Just in time for Labor Day weekend, we’ve released the new 2012 Good Company Index ™ grades on 300 of America’s largest companies!
Check over on the Good Company website for full details.
Yesterday morning, Laurie was interviewed on KUSA regarding Good Company.
You can watch the interview here.
Laurie Bassi spoke recently at Bellevue University regarding Good Company, its stories, research, and data. Click here to watch her full presentation.
Our book Good Company has been a very long time in the making. It all started back 23 years ago with a conversation that changed my life.
In those days, I was a young assistant professor of economics at Georgetown University. With my newly minted Ph.D. from Princeton in hand, I understood the rules of the game for someone in my position. First among them was publish or perish. Equally important was to do so in a way that was respected and valued by my profession – by doing research and publishing papers in prestigious journals based on complex mathematical modeling and sophisticated econometric analysis. I became totally immersed in my field and this perspective. I came to view the world and the people in it through a lens of simultaneous structural equations and elaborate statistical methodologies.
And then one day in 1988, I found myself in a steel mill in western Maryland. I was there interviewing workers about the “learning environment” at the mill. These interviews were a component of a well-funded research project I was fortunate to be working on – one that held the promise of getting some good papers published. My immediate task was to translate the findings of my interviews with workers into quantitative, coded data. It was definitely a “stretch assignment” for me, because truth be told, although I was a card-carrying labor economist, I had never been in a workplace anything like this before.
This steel mill was a pretty tough place. It was hot – probably at least in the low 90s – dirty, noisy, and dangerous. Workers were busy managing the flow of red-hot, molten metal as it moved between various pieces of massive processing machinery. And there I was in my neatly pressed pant suit, with a tasteful purse on my shoulder, and clip board and Cross pen in hand – interviewing workers in steel-toed boots, hard hats, work clothes covered in grime, with sweat running down their sooty faces. They were compliant and polite as I took them through one question after another about the extent and usefulness of the (virtually nonexistent) learning opportunities available to them through their work.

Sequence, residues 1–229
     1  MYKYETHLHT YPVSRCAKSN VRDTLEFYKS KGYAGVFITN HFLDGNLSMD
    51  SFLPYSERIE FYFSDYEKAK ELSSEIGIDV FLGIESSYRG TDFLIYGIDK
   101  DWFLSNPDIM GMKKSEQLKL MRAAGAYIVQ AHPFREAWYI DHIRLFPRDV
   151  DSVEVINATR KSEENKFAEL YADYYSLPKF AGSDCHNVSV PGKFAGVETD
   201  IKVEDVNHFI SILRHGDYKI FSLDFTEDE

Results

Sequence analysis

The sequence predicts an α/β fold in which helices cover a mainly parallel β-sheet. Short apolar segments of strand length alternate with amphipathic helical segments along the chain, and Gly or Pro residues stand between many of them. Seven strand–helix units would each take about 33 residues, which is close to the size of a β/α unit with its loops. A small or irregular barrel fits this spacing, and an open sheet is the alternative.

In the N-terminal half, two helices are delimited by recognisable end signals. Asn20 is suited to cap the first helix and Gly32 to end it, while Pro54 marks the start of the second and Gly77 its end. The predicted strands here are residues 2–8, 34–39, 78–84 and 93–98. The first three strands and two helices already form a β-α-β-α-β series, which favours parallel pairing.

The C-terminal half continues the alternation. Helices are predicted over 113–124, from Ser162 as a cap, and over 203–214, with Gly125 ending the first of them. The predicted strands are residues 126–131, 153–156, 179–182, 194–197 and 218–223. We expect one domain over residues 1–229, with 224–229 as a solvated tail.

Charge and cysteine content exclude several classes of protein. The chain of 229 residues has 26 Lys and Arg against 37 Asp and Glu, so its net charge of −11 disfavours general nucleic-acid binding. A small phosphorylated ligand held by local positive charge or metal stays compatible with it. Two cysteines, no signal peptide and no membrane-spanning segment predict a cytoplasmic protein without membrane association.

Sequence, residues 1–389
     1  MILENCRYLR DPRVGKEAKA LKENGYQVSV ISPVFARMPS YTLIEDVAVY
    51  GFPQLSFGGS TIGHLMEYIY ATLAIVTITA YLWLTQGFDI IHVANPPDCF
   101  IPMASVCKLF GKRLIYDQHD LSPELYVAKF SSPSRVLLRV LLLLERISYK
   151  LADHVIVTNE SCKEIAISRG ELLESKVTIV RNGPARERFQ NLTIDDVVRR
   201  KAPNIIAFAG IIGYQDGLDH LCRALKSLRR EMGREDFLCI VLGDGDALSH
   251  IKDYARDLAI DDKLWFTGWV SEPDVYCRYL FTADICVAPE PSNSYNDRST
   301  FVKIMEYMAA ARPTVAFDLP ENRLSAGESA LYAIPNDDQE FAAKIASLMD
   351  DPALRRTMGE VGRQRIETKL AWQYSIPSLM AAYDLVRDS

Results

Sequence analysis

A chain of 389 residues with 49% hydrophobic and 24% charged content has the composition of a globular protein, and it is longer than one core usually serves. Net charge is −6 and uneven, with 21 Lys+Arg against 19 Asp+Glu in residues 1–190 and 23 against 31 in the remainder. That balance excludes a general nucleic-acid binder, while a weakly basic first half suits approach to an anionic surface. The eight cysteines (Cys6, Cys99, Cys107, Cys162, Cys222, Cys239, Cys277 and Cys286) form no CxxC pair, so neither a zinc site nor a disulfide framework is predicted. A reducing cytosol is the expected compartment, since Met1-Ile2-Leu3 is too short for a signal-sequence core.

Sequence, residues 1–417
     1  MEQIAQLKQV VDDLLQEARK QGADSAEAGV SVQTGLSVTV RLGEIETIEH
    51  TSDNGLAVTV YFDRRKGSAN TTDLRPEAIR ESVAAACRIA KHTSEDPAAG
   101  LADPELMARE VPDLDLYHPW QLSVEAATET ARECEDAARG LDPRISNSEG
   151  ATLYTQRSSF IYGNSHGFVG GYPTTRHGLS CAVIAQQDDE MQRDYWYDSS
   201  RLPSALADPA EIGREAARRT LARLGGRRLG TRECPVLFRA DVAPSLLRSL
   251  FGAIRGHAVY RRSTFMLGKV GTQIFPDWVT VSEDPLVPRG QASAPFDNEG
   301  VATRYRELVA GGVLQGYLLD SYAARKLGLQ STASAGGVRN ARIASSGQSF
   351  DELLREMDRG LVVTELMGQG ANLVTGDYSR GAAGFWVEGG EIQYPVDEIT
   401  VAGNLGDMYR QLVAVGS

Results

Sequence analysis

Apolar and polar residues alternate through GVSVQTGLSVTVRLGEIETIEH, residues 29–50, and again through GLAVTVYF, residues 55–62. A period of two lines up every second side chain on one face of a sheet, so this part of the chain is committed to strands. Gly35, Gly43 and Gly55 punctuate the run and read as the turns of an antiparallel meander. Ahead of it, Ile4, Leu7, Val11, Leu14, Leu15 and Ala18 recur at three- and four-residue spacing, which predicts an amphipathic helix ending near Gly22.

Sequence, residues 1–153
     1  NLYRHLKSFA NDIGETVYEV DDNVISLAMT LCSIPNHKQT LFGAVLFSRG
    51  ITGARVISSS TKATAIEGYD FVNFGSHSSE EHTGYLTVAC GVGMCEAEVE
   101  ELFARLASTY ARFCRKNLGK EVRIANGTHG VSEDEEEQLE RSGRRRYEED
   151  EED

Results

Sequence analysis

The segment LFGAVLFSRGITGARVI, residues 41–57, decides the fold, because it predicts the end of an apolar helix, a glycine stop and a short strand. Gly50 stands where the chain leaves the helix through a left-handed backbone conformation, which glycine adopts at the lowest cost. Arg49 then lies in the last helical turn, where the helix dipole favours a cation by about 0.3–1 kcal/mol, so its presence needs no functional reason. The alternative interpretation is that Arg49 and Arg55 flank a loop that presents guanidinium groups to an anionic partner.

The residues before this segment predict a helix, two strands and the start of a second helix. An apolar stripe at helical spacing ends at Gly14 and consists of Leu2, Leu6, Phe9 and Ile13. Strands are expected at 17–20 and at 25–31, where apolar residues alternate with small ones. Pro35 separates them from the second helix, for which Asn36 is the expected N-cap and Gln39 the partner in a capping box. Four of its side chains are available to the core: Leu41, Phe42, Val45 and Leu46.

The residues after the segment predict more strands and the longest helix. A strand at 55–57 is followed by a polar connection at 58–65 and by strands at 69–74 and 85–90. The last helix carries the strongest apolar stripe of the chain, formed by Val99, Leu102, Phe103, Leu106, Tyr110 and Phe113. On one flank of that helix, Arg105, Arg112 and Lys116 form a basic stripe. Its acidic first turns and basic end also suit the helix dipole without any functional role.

In the very last interview, I apparently asked one question too many. In a very respectful tone of voice, the fellow I was interviewing finally said to me, “Look lady, I can sum it up for you like this. I go home at the end of every day, whupped, tired and disgusted.”
That pretty much ended the interview – there was really nothing left to say. He thanked me for my interest, and I thanked him for his time.
As I drove home that night, his words played over and over again in my mind. I shared them with my husband, and I thought about them the next day and the day after. The raw honesty of what he said didn’t fit neatly into my data coding scheme, and I understood that no system of equations – no matter how sophisticated or elegant – could capture the grim reality this gentleman had shared with me.
Over the course of the weeks and months that followed, I began to think very differently about my work. It was no longer an academic exercise that would help me publish papers and get tenure. It was much more important than that. It was about the quality of people’s lives, and how they are shaped for good or for ill by their places of work. I also came to understand the profound effects our work places have on our lives outside of work, and indeed, the very society in which we live.
That conversation set me on a journey that ultimately led to Good Company. The book is a marriage of heart and head. It is, I believe, an important book. Here’s what my favorite professor at Princeton, Dr. Alan Blinder (former Vice Chairman, Board of Governors o f the Federal Reserve System), wrote about our book: “Close your eyes and wish that companies that were good to their employees, their customers, their communities, and the environment made more money than ‘the bad guys.’ Now open your eyes and read this fascinating book. Amazingly, Bassi, Frauenheim and McMurrer marshal evidence that it’s true. Read it and smile.”
I hope you will take the time to read it. And if you agree it is important, please consider helping us to get the word out by sharing it with colleagues, writing a blog post, posting a review on Amazon, or sending us a testimonial.
Thanks in advance for whatever support you can provide. I look forward to hearing from you.
(Note: this post was cross-posted from the Good Company blog.)
CFO.com senior editor David McCann explored our new book Good Company in a recent blog post:
We’ll soon be placing our own order with the publisher (Berrett-Koehler) for our “authors’ copies” of Good Company. For a limited time we are able to share our authors’ savings (50% off the cover price) with you for bulk orders. We’ll send you autographed copies for $13.97 per copy (including free shipping within the US) for pre-orders of 10 or more copies.
Click here to place your bulk order or for more information.
If you’d like to read more about Good Company, we’d be happy to send you a preview copy of chapter 1. Just drop us an email at firstname.lastname@example.org.
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